Like almost everything in the Drupal world, DrupalCon is, in part, a labor of passionate enthusiasts who donate their time. Every year, the Drupal Association appoints a program team who work together to select sessions for upcoming DrupalCons. The program team is unique to every conference, but volunteers of past cons (called “globals”) are asked to join the committee to assist the newer members and pass on historical knowledge.
DrupalCon sessions are divided into tracks, which generally stay the same, but have evolved over the years. For Amsterdam, we have:
- Coding and Development
- Core Conversations
- Drupal Business
- Site Building
For Amsterdam, we’ve added two new mini tracks; Case Studies and PHP. We’ve also added Business Showcase (formerly Day Stage) and the Community track is now a full day summit on the Monday.
Each track has a Chair (or Lead) - someone who takes the lead on setting the theme of the track, generating interest and inviting speakers, and selecting sessions. Last year, I was the Track Chair for the Coding and Development track for DrupalCon Prague. This year, I was lucky enough to be asked to be a “Global” (or co-chair) for the Coding and Development track for Amsterdam. This means that I was there as support for the new track chair, Pedro Cambra (pcambra). I was helped by veterans of previous DrupalCons, Jason Yee (jyee) and Larry Garfield (Crell).
Pedro and team have done a fantastic job of canvassing for speakers and helping people with their session proposals.
There’s a lot of elements to session selection. We need to make sure that sessions are of value to a wide audience. The presenters must be engaging speakers who can interest a large crowd of attendees. We try as hard as we can to bring in new (to DrupalCon) speakers, and speakers who bring something from outside of the Drupal sphere. We want to make sure that the diversity of the community is represented and encouraged. And we need to work across track teams to ensure that one speaker is not speaking in several tracks; both for the sake of their stress and sanity in preparing the talks and to ensure that everyone who applied has the best chance of speaking. Finally, we need to make sure that sessions fit both the theme of the track and of the conference.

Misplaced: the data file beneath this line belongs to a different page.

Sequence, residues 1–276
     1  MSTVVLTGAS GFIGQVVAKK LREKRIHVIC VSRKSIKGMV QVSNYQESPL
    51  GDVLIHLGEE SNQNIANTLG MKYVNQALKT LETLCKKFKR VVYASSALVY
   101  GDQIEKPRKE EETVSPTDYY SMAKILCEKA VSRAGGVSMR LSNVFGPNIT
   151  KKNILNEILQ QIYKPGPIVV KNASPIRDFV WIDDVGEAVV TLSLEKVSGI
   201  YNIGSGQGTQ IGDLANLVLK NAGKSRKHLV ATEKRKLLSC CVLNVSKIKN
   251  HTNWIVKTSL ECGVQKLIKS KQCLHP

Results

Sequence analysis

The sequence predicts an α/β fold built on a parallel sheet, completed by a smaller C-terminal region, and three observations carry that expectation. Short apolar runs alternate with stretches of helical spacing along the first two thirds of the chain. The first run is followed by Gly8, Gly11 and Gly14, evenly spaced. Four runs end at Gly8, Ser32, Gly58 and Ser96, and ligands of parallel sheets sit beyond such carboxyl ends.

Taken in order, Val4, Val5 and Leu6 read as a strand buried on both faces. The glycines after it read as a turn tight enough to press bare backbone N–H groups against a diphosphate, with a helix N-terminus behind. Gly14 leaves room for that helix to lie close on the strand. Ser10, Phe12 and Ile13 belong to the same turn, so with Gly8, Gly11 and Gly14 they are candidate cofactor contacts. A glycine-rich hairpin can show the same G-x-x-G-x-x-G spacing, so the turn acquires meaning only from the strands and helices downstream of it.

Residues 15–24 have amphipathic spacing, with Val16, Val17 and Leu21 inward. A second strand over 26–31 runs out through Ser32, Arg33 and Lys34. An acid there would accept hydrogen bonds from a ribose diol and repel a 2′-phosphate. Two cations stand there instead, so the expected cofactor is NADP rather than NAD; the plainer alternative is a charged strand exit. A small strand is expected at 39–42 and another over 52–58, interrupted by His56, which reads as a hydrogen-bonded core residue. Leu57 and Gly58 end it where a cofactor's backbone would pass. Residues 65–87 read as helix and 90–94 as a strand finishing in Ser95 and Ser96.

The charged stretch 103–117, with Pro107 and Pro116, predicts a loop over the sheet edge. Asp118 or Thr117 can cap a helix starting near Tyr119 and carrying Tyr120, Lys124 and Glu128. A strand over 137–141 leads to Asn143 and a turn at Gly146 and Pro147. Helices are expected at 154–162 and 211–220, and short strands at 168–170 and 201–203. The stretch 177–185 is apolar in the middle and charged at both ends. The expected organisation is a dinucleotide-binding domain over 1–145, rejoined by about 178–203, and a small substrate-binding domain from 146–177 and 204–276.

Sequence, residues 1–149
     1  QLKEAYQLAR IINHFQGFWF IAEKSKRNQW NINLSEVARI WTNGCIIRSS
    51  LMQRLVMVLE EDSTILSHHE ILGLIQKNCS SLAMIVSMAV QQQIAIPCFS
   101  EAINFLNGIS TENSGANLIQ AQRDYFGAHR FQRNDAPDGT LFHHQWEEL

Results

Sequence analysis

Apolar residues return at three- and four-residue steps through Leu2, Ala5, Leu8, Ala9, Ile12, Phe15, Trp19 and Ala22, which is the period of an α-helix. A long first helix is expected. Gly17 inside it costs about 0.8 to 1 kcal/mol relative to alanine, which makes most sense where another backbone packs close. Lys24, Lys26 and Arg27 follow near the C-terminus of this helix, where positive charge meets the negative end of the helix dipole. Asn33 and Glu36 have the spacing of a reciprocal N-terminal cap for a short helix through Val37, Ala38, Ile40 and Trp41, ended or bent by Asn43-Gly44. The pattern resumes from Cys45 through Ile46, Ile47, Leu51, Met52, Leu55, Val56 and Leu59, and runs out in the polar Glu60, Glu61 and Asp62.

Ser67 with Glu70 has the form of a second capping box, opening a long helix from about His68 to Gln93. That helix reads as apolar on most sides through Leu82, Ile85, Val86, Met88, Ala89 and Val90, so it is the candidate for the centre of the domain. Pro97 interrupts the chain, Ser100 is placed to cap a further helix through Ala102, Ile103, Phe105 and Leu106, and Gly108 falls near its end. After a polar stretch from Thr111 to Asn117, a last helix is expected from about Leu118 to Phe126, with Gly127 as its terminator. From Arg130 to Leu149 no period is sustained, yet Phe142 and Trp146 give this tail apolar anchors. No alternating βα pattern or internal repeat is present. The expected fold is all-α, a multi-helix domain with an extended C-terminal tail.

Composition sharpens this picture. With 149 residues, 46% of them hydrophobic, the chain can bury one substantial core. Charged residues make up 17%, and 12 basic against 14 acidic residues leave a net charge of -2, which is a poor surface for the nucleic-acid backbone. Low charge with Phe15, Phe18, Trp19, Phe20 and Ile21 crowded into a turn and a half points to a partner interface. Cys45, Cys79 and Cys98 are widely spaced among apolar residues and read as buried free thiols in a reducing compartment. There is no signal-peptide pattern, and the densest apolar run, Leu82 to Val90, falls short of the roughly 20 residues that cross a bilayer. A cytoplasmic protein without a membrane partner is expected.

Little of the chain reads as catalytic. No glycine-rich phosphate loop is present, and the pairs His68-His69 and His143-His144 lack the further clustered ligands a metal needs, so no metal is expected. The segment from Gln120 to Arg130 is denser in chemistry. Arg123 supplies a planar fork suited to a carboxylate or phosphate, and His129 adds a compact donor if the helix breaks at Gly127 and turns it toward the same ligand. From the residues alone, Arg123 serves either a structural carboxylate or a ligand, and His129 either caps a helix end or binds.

As you can imagine, balancing all of this can be quite challenging!
Each track team ranks their sessions as makes sense to the team. In the Coding and Development track, Pedro, Jason, and I rated each session and speaker out of 5, paying special attention to the quality and relevancy of the submission and the speaker's rapport with their audience. If we're lucky, we've seen the speaker present before, but if not, we can view any available slide decks or recordings to get a sense for their presenting ability. This is why it’s very important for prospective speakers to include speaking history in their session proposal. A speaker doesn't need to have sessions online to be selected - it just makes our job easier. We refined the 128 submissions in the Coding and Development track down to a top rated 25 or so sessions, which were then filtered to make sure that there is no overlap and that the speaker wasn’t speaking in another track.
Being so involved in the planning of content for DrupalCon is an enlightening experience. The breadth of knowledge, experience, and creativity in the Drupal community is quite literally overwhelming. The 510 sessions submitted this year illustrate just how passionate the community is.
There’s no better way to get a sense of the Drupal zeitgeist than to pore over hundreds of sessions. This discovery exposes us all to new technologies, projects, and methodologies, and at least for me has made me aware of people in the community that are doing fascinating, challenging, and important work - people I might never have found otherwise. There’s also a degree of humility to be observed when considering the diverse and very well informed views of your fellow content team members.
After two weeks of review, ranking, and deliberation across timezones, I present to you with the 90+ DrupalCon Amsterdam selected sessions.
If you are interested in becoming involved in DrupalCon planning in the future, let the DA know. It's very rewarding, and the team dinner during the conference just caps it all off!
Cameron Tod (cam8001)
DrupalCon Amsterdam Coding and Development Co-Chair